Supporting gay, lesbian, bisexual, transgendered teens
Support for youth revealing their sexual orientation is critical
The process by which a child comes out as gay, lesbian, bisexual, transgendered or questioning is a personal one, and it is harder for some to do than others.
There is a myriad of reasons for kids to worry about telling others about their sexual orientation — a friend’s and/or parent’s rejection, lack of social support, or internal debate to whether they are truly experiencing these feelings.
I work with many kids on the continuum of coming out. Some are just beginning to think about their sexual orientation and some are working very hard to keep it a secret. Others come out with an explosion of confidence and show the entire world who they truly are.
The act of someone revealing themselves is a process filled with self-doubt, fear, excitement and a sense of freedom. This process can also include excessive sadness, increased anxiety and suicidal thoughts in worst-case scenarios.
For one kid, the coming-out process might be freeing and joyful. For another, the process can involve rejection by peers and/or abandonment by parents. The latter is often times why we see kids “couch surfing,” or even homeless.
Rejection, abandonment and bullying are not uncommon for kids who are coming out, and it is these issues that cause our LGBTQ youth to have one of the highest rates of suicide among adolescents and young adults. If you couple that with the segment of society voicing their disapproval of homosexuality, sometimes this environment can feel unsafe.
Therapy and support groups are critical for LGBTQ youth. They need to feel validated, supported and accepted. Research suggests that even with a few supportive connections, kids who are coming out or transitioning can have positive, successful lives.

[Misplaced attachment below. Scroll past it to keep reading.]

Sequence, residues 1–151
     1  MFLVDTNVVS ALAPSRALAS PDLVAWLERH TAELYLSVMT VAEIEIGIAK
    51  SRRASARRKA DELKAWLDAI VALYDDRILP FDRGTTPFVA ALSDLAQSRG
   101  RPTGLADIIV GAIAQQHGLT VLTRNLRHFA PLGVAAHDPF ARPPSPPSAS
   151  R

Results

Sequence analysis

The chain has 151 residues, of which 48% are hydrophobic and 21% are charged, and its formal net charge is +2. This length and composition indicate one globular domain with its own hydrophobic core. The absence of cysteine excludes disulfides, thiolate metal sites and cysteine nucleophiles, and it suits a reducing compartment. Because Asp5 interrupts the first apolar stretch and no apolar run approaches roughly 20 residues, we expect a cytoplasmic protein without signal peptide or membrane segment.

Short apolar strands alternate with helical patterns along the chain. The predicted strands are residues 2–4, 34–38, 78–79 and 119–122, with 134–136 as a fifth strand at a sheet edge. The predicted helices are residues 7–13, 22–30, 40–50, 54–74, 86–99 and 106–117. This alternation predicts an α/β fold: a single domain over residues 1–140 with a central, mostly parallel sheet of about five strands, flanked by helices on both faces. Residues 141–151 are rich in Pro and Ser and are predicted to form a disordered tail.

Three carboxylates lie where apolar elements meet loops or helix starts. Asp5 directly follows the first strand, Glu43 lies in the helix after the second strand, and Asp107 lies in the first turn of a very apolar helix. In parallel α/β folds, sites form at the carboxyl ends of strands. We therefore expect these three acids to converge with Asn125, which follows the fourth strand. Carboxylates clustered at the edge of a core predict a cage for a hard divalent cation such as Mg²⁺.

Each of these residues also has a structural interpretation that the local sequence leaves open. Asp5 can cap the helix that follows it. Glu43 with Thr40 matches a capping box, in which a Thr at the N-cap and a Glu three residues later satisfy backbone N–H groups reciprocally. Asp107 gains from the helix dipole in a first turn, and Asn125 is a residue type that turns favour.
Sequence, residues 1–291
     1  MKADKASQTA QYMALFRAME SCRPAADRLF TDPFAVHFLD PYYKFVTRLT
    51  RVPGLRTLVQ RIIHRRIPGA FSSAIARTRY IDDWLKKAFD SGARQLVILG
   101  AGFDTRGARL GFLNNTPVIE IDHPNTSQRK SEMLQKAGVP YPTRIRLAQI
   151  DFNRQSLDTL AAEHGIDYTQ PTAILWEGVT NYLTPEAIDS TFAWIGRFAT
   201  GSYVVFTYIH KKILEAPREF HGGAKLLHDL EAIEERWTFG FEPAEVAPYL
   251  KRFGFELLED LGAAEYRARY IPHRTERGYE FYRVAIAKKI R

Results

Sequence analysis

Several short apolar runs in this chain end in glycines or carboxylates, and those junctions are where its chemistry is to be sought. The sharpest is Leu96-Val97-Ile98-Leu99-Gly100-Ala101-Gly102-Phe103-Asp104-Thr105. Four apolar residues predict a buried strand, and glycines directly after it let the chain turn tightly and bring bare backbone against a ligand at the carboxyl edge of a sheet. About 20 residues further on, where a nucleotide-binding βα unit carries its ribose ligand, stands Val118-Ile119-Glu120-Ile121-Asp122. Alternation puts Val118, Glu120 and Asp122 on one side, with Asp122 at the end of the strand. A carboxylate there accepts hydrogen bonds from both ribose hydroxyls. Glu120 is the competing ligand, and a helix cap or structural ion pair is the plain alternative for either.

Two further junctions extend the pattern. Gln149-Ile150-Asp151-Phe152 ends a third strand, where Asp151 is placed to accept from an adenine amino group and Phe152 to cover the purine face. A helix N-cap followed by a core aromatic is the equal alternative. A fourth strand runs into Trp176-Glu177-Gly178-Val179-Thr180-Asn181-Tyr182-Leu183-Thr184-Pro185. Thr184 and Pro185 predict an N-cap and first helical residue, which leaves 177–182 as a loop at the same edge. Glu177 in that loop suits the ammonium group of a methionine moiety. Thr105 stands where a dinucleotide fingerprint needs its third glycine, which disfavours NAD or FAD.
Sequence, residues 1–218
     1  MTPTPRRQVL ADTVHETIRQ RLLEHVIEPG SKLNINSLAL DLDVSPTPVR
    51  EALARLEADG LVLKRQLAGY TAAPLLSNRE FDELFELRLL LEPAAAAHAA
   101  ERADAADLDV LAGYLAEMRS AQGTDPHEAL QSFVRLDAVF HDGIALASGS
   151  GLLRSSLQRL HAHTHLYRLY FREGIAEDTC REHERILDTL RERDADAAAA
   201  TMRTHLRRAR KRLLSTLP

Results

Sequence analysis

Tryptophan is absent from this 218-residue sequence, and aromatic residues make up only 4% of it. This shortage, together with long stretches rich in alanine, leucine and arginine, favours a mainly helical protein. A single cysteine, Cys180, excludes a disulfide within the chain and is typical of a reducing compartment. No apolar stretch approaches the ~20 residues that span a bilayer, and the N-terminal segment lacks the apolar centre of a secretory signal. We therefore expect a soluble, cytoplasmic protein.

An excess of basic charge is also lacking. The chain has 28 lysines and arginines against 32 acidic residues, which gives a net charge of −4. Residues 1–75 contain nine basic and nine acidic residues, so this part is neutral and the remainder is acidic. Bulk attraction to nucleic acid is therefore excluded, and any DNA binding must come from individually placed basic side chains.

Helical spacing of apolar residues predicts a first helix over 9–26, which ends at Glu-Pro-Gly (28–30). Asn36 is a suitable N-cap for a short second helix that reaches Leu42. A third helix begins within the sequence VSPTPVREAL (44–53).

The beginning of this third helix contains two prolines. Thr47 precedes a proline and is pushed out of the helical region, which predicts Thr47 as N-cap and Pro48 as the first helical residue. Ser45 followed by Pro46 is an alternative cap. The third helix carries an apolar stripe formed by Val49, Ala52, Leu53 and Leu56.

Kids that are LGBTQ have fewer peers that share their same orientation. Think about how hard it is to date as a heterosexual then add on the fact that there are fewer LGBTQ youth with whom to connect.
In addition, some LGBTQ youth experience varying levels of coming out with their peers and struggle to be at the same place. For those kids that are completely comfortable with being who they are, trying to be in a relationship with another LGBTQ youth who is not “out” can be frustrating and difficult as they have to hide their identity.
To provide the most support, parents and professionals should realize that although the world in general has become more accepting, the process is still difficult and scary.
Knowing what resources, other professionals or friends that can help youth navigate the process is important, as many youth and parents of youth who are coming out don’t know what is available to them for guidance.
Working with therapy professionals, educators and other members in the LGBTQ community can often be a saving grace for youth struggling to come out. If youth know they are supported by peers, and have adults who care about them and accept them unconditionally, they will have a greater chance of finding out who they truly are and feeling good about it.
June is National PRIDE month. Please consider donating to organizations that support LGBTQ youth such as Seacoast Outright, Concord Outright and PFLAG of New Hampshire.
Tracey Tucker is Executive Director of New Heights: Adventures for Teens and a licensed mental health counselor at Tradeport Counseling Associates in Portsmouth.